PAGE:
March Book Review: Naked

Naked is a collection of essays written by David Sedaris that follow his life from his unconventional childhood in Raleigh, North Carolina through his college years, and closes with the title essay about his week at a nudist colony. It was published in 1997 and is the second of now 10 books that Sedaris has written. Sedaris’s dark humor and sharp wit are enough to make even the most mundane stories interesting, and when turned toward his bizarre and outlandish experiences it is almost impossible not to be drawn to his unconventional worldview.

The 17 essays in Naked show all different sides of humanity, but Sedaris’s writing really shines through in the stories about his family. One that stands out is “Ashes,” which is about Sedaris’s mother contracting lung cancer and his sister getting married. While Sedaris’s writing is anything but sensitive, there is a certain thoughtfulness that appears when he describes how a typically unemotional family dealt with such emotional events. His dark humor and pointed observations expertly toe the fine line between the absurd and the morbid that so often coincides with tragedy.

Sedaris’s essays span a wide stretch of time, from his eccentric childhood through his even stranger college years. In the essay “I Like Guys” he talks about going to a summer camp in Greece, where his sister Lisa pretends to be a stranger from the Bronx and Sedaris realizes that he’s gay. Later in the book, in “The Incomplete Quad,” Sedaris describes his time living in the dormitory for disabled students at Kent State University. While there, he meets a quadriplegic woman and they decide to hitchhike together while posing as newlyweds. No matter what Sedaris is describing, though, from a summer camp in Greece to a dormitory at Kent State, his writing is guaranteed to keep the reader wondering what is going to happen next.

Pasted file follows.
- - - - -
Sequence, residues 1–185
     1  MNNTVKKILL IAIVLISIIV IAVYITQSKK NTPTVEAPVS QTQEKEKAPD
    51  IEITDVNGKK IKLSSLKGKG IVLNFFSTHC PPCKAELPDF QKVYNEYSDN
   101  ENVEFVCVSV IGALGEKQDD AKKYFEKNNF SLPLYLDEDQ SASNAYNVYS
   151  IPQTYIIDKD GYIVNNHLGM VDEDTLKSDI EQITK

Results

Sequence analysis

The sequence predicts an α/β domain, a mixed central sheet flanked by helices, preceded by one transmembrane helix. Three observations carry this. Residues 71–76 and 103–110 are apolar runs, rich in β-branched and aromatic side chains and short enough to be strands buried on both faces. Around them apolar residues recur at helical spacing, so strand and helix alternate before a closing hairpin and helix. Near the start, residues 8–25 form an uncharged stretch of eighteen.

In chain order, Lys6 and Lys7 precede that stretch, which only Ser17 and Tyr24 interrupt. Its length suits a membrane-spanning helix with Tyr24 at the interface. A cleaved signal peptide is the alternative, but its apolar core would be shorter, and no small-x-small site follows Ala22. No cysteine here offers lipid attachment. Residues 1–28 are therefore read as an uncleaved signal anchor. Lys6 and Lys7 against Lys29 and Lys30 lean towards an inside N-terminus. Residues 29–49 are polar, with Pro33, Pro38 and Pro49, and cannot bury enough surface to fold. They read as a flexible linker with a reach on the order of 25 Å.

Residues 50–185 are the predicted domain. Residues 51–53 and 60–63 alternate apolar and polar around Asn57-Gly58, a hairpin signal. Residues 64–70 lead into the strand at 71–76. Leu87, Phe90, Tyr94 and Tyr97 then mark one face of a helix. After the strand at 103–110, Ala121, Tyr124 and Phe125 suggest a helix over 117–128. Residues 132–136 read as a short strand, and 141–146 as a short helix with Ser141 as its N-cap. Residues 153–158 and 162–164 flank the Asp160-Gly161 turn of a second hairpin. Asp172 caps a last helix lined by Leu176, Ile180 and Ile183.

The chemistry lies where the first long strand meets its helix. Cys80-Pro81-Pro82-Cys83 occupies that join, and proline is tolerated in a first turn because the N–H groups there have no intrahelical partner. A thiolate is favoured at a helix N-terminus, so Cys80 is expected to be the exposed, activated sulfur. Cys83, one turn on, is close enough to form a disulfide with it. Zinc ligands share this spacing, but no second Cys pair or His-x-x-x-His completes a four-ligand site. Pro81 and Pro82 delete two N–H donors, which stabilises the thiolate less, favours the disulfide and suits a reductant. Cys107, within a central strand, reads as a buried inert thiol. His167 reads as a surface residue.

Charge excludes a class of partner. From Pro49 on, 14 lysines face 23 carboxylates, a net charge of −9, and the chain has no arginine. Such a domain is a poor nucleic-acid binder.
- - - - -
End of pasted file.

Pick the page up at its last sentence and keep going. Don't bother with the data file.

The cast of characters in Sedaris’s essays is broad and diverse: from Jon, a legless evangelical Christian who makes jade clocks in the shape of Oregon, to an anti-Semitic Lithuanian landlord named Uta. Most of the people he meets seem almost too eccentric to be real, but Sedaris paints them in such a marvelously human light, that they feel like characters that we may be lucky, or unlucky, enough to meet in our own lives. This is part of what makes Naked so enjoyable: People like Jon, Uta and the other surreal characters and the situations Sedaris finds himself in are really out there, making the world a weirder and more wonderful place.

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